On Monday, Blazer said his relationship with Warner was "broken." However, an e-mailed statement issued by CONCACAF's executive committee last night, with a New York dateline, claimed Austin made an unauthorised declaration in attempting to remove Blazer.The statement read: "This attempted action was taken without any authority. Under the CONCACAF statutes, jurisdiction over the general secretary rests solely with the CONCACAF executive committee which has taken no action."A majority of the executive committee members have advised Mr Austin that he does not have the authority to take such action. Blazer continues as CONCACAF general secretary, with the full authority of his office."As Blazer was being fired, Warner yesterday wrote members of the Caribbean Football Union (CFU) asking them to desist from protest action at today's FIFA election and urging support for Blatter.This, after Warner's statements on Monday saying Blatter had to be stopped.Warner told CFU members yesterday: "At our last meeting, we agreed as a union to support the incumbent Joseph Sepp Blatter in his quest to regain the presidency. I wish to assure you nothing has changed-our mandate was set then and despite it all we must fulfill it."Warning CFU members against division, Warner acknowledged that many of them were hurting over his suspension.He said: "It is only human nature you would want to demonstrate your anger but despite all we must not fuel a fire set by others to incinerate all that we strive for."He did not respond to calls on the reason for his about-face.Warner returns home tomorrow.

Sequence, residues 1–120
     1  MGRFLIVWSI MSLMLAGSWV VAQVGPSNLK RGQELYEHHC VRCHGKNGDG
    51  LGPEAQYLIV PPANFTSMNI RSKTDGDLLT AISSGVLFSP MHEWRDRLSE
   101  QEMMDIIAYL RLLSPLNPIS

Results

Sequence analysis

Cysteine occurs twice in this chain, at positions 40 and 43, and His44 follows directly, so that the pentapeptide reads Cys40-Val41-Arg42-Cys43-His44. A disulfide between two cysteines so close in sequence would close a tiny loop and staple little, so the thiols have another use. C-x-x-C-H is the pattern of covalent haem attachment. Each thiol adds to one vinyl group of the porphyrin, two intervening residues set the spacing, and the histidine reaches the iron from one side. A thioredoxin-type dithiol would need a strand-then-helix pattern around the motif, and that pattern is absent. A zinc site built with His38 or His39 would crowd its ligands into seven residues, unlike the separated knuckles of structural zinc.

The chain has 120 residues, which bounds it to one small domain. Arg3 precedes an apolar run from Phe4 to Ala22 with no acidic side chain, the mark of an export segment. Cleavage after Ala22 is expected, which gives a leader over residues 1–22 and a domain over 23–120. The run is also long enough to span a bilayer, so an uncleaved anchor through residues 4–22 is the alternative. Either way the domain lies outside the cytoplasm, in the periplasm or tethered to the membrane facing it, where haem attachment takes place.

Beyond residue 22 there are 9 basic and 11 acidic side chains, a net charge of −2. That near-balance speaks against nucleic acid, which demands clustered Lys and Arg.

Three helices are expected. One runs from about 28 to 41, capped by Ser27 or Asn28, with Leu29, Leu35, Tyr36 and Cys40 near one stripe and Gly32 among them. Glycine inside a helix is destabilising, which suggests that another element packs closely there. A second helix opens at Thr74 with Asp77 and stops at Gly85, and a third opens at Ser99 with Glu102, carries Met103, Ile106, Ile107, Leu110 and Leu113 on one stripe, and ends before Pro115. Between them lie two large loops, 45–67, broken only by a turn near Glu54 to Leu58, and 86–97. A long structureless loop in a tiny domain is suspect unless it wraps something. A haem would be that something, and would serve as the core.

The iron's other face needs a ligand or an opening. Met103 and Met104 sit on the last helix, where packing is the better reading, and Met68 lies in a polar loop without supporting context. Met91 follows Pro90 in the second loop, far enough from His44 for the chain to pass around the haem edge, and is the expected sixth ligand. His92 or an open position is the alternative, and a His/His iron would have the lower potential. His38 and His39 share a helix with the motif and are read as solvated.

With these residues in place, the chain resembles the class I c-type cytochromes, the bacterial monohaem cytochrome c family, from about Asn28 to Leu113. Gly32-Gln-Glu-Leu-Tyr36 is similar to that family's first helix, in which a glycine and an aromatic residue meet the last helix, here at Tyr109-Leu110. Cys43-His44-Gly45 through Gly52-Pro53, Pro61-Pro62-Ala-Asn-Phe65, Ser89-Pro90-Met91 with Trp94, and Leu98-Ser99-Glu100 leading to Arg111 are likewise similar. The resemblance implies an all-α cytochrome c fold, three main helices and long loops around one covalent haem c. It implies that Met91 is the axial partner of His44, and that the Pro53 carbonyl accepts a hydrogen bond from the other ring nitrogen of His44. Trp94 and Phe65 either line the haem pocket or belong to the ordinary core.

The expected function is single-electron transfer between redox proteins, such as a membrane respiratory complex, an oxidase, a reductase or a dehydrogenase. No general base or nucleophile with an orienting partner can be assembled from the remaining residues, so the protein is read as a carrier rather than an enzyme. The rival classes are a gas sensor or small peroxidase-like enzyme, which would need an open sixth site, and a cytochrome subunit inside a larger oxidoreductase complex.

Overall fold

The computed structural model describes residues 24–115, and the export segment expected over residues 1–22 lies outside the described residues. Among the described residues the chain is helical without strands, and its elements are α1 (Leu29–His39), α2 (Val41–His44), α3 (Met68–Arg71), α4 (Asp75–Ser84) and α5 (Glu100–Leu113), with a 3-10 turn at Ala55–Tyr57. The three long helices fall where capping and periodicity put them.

Meanwhile, a UK Guardian report noted that bin Hammam defended himself on the bribery allegations, saying the money involved in the alleged issue was for expenses related to the CFU's May 10-11 meeting in Port-of-Spain. The report states:"Since this was an extraordinary meeting of the CFU, Mr bin Hammam found it correct and insisted to pay the travelling and accommodation expenses of the delegates, as well as the overall costs of the conference."For this purpose, Mr bin Hammam transferred the estimated costs of US$360,000 to the CFU, prior to the meeting in Trinidad."The Warner issue figured in (and out) of Parliament yesterday from the Opposition's direction with PNM senator Fitzgerald Hinds calling for the Police Commissioner to probe bribery allegations against Warner.Hinds noted that it was a crime in T&T to offer a bribe.Hinds also called for the Comptroller of Customs to probe allegations how (US) currency was imported into T&T on the issue.Hinds said the situation also warranted investigation by the Anti-Corruption Bureau and Fraud Squad.PNM's new "rebirth" group which has supported former Prime Minister Patrick Manning's democracy walk, also said Warner's behaviour continued to damage T&T's reputation.Group PRO Joel Primus said: "FIFA's Ethics Committee has determined that a prima facie case has been made against Warner and a detailed investigation, commissioned. Under these circumstances, the Prime Minister cannot adopt a wait-and-see attitude." Condemning Government for "double standards," the group stated:"If Mary King could be fired pending the results of an investigation, so must Jack Warner. This must be referred to the Integrity Commission as the alleged corrupt acts appear to have occurred in T&T."The Prime Minister's failure to act in this would be an admission of naked hypocrisy, given her sanctimonious stance against public officials during the previous administration who have yet to be charged for anything."If the Prime Minister does not take immediate, decisive action in this matter, we call on her to dissolve Parliament forthwith."